I’m kind of a new baker. I wished it had turned out less sweet. .

01.24.2020 at4:34 PM #


Hi Sarah,

Amazing that you have persimmons to pick and you certainly worked hard to get this cake made. I’m sorry to hear that it was too sweet for your tastebuds. I like the level of sweetness here, but it’s all very individual. You could certainly scale back the amount of added sugar to better suit your palate. You could also serve it with Greek yogurt, which would add nice tang to the plate.

10.22.2020 at7:18 AM #

Janet Deutsch

Can one use all purpose flour and rice flour in this recipe?

10.22.2020 at7:18 AM #


If you are thinking of substituting all-purpose flour for the whole-wheat and rice flour for the almond flour, then, yes! I think it will work.

10.25.2020 at1:13 PM #

Dean R

A delicious cake/pudding, moist/chewy with strong seasonal flavors. I forgot to add the butter and only had 1/3 cup sugar but still loved it. I always have an abundance of persimmons and have been tying out different cakes for a while. I’ll just use this recipe from now on using the pulp I’ve frozen. I baked two cakes from this recipe, one using a 6.5″ round pan and the other 4.5″ round so that I could give one as a gift. Thank you I’m happy to have found such a good recipe.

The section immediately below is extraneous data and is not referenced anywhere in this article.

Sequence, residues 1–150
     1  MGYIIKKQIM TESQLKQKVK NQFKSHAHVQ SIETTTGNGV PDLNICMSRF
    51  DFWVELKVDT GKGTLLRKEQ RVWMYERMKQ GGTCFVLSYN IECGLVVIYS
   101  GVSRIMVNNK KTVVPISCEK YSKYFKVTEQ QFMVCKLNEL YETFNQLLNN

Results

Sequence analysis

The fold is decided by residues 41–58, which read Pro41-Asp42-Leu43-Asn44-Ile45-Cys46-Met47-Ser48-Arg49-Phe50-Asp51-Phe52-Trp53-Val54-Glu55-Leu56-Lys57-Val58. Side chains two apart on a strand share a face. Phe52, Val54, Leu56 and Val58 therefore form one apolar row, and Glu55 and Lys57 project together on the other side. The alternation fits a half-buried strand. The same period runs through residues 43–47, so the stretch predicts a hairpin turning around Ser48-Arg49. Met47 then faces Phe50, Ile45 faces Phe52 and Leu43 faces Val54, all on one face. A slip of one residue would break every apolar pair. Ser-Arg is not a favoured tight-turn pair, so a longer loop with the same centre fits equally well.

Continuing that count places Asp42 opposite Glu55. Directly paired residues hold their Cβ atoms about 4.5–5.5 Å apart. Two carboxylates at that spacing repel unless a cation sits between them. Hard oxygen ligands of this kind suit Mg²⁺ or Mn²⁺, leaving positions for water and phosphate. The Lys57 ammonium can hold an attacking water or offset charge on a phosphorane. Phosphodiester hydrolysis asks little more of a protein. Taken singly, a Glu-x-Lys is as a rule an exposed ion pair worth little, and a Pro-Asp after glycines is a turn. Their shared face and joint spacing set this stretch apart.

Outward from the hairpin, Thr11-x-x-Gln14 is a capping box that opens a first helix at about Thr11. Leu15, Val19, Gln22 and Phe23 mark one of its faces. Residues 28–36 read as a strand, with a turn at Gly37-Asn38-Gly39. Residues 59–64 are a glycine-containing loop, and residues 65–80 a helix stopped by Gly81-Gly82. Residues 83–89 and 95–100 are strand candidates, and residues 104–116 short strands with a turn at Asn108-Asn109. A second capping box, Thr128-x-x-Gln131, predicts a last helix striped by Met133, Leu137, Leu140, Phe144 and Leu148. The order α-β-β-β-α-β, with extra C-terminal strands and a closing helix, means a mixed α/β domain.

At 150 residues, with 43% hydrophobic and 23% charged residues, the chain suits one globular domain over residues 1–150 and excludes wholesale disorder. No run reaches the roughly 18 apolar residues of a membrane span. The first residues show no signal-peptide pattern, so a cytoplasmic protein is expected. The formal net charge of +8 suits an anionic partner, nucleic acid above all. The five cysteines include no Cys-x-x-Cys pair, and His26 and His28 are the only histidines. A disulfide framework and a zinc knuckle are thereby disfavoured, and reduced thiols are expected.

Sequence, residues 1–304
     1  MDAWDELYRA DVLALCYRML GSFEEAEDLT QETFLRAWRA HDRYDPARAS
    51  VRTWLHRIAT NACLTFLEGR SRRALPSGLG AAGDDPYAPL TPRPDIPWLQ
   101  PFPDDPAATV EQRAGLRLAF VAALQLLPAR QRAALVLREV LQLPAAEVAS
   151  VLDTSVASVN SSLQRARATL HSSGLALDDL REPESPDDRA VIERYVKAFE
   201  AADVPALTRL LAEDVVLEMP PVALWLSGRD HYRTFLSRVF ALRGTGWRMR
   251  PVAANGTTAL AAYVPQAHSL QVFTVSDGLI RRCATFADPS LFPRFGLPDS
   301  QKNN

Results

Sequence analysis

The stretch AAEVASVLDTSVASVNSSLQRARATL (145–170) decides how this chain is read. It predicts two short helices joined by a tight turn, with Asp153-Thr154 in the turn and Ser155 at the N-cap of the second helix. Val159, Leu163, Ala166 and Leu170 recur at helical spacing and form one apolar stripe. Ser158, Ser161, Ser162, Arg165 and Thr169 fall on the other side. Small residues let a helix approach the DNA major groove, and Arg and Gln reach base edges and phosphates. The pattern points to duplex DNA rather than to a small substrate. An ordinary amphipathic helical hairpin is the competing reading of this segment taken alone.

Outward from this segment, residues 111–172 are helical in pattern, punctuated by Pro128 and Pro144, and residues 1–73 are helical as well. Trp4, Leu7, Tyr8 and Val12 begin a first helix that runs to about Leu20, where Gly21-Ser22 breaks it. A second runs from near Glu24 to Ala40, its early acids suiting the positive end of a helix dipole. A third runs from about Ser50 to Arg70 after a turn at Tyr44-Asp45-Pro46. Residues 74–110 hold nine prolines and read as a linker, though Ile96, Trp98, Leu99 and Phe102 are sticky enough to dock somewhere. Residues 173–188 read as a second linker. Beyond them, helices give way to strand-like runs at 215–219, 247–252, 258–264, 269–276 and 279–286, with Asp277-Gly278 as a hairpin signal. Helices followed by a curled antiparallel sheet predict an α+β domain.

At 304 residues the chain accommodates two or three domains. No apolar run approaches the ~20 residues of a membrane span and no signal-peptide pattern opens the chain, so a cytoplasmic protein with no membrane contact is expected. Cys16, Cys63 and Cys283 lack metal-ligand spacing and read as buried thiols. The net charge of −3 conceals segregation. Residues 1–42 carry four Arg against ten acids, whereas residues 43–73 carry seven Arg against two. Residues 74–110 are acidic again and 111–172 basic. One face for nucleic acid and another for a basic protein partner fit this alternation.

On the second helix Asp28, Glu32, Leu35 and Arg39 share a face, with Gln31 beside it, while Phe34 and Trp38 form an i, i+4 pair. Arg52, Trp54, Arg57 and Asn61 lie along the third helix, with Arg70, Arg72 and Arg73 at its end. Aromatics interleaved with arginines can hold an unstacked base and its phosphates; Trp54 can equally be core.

10.25.2020 at1:13 PM #


Wonderful! How lucky to have an abundance of persimmons. I’m crazy about this cake, too!

11.15.2020 at11:47 PM #


I made this for my husband tonight and we both loved it. The texture of this was absolutely wonderful! I’m so excited by how good it was. We used a monk fruit substitute instead of sugar which was good. It ended up a bit less sweet than a normal cake but was still sweet enough. When I try it next time we will likely cut the clove down a bit and try adding some nutmeg. Overall this was a great recipe. I just need to get my hands on some more persimmons!

11.15.2020 at11:47 PM #


That’s great to hear. I love this cake, too. It’s nice to hear that it worked using monk fruit. If you remember, I’d love to know how much you used. Good luck finding persimmons!

Post Your Comment

Your email address will not be published. Required fields are marked *